Anisoptera costata Korth. - DIPTEROCARPACEAE

Synonym : Anisoptera oblongaDyer
Shorea nervosa Kurz
Anisoptera cochinchinensis Pierre
Anisoptera robusta Pierre
Anisoptera marginatoides Heim
Anisoptera glabra

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Botanical descriptions Habitat and ecology Distribution

Botanical descriptions :

Diagnostic characters : Large evergreen trees, bole often fluted, bark deeply fissured, scaly leaving a swirling pattern. Exudate resinous. Leaves densely stellately hairy. Stipules free, tomentose. Flower pink, petals contorted. Fruit a winged nut with 2 long wings and 3 small.
Habit : Evergreen tree, 30-40 m. height.
Trunk & bark : Bole straight, long and fluted at base. Young trees have smooth bark while mature trees have scaly, deeply fissured bark, dark brown in color, inner bark gritty.
Branches and branchlets or twigs : Branches gross, terete; twigs densely grouped, tomentose with yellow stellate hairs.
Exudates : Exudate resinous.
Leaves : Leaves simple alternate, 7-15 cm by 4-7.5 cm, obovate, apex obtuse, base rounded, margin entire, underside densely and petiole hairy with yellow stellate hairs.
Midrib canaliculated above, prominent below, secondary vein oblique, widely parallel.
Stipules present, tomentose, soon falling up.
Inflorescences or flowers : Flowers grouped in terminal or axillary panicles, pendulous with stellate hairs, whitish cream to pink. Pedicel less than 0.5 cm long.
Fruits : The fruit is a nut, 1-1.5 cm. in diameter, globose, acuminate tip with short hairs, two large wings and three small wings, the large wings with three main nerves.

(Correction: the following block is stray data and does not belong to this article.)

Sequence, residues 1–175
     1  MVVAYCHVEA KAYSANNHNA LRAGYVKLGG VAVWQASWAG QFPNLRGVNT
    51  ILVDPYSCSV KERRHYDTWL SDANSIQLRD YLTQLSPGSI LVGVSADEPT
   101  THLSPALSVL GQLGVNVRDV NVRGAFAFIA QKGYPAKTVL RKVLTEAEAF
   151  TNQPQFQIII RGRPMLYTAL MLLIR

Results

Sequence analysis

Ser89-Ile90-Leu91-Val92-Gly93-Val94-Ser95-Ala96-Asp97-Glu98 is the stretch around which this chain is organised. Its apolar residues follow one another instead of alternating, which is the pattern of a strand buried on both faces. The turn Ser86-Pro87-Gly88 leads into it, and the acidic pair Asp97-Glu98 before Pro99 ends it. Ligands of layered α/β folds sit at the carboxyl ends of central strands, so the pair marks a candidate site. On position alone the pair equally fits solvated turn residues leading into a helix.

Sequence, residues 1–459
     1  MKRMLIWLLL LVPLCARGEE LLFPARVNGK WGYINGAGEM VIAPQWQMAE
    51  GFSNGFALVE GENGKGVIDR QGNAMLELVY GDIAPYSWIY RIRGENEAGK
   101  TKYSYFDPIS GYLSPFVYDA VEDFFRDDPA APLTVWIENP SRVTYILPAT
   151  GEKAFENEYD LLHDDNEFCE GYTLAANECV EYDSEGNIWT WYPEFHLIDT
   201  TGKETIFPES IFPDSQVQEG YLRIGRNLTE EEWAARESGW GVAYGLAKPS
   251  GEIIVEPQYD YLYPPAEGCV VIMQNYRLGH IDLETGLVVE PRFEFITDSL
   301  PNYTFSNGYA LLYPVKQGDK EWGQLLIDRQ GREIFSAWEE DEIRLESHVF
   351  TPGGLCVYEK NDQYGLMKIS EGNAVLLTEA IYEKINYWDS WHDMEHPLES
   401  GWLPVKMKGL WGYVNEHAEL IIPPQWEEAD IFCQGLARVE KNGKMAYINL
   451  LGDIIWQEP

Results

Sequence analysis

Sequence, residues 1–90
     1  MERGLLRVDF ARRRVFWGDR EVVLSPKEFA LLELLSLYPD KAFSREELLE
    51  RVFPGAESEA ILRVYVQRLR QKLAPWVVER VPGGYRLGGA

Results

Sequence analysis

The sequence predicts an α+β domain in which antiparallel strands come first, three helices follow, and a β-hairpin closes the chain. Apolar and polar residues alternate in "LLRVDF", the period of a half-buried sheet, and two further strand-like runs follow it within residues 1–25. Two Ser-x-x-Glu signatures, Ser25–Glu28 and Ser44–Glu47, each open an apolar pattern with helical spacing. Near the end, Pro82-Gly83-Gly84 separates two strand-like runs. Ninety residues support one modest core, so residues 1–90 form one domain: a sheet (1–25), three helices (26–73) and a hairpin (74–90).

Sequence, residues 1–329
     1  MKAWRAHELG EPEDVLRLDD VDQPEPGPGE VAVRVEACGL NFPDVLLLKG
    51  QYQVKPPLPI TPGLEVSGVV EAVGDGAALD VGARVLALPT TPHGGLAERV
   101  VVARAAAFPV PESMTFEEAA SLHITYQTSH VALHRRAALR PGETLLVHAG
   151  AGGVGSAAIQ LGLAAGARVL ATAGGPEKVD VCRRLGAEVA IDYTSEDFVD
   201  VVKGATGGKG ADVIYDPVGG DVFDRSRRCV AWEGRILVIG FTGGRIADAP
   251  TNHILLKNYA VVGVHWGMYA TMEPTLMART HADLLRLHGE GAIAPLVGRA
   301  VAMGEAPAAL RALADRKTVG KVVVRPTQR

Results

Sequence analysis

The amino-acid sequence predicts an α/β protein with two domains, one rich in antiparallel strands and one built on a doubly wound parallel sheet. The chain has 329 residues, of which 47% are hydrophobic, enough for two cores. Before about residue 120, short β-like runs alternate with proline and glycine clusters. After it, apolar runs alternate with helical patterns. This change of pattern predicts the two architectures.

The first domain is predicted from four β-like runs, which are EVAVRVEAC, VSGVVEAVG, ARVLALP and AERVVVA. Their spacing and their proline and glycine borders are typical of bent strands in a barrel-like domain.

Seeds : Six or more seeds.

Habitat and ecology :

In evergreen or open and degraded forests up to 500 m altitude. They grow well along the rivers or streams.
Flowering period: June to February; fruiting time: March to April.

Distribution :

Burma (Myanmar), Thailand, Cambodia, Vietnam, Malaysian peninsular, Java, Borneo, Philippines and Laos (Khammouan).

Remark/notes/uses :
The high quality wood is used for furniture, veneer, plywood, construction and ship planking. The fragrant oily-resin is used locally for caulking boats and exported to be processed for paints and lacquers.

Specimens studied :
BT 23 (Herbarium of Faculty of Sciences-NUoL, NHN-Leiden and CIRAD-Montpellier).

Literature :
Flore du Cambodge, du Laos et du Viêtnam. 1960-2003. Vol. 25. Muséum national d'histoire naturelle, Paris, France.
Dipterocarps of Vietnam. 2005. Forest Science Institute of Vietnam. Agricultural Publishing House, Hanoi, Vietnam.
Dung, Vu Van. 1996. Vietnam Forest Trees. Agriculture Publishing House, Hanoi, Vietnam.
B. Svengsuksa & J.E. Vidal. 1997. Les Dipterocarpacées du Laos. Université du Laos, Vientiane, Laos.
Simon Gardner & al. 2000. A field guide to Forest trees of Northern Thailand. Kobfai Publishing Project, Thailand.
Rachun Pooma & Mark Newman. 2001. Checklist of Dipterocarpaceae in Thailand, Thai Forest Bulletin, no 29. The Forest Herbarium, Royal Forest Department, Bangkok, Thailand.
Hoang Van Sam, K. Nanthavong & P.J.A. Keβler. 2004. Trees of Laos and Vietnam: A field guide to 100 economically or ecologically important species. Blumea no 49.

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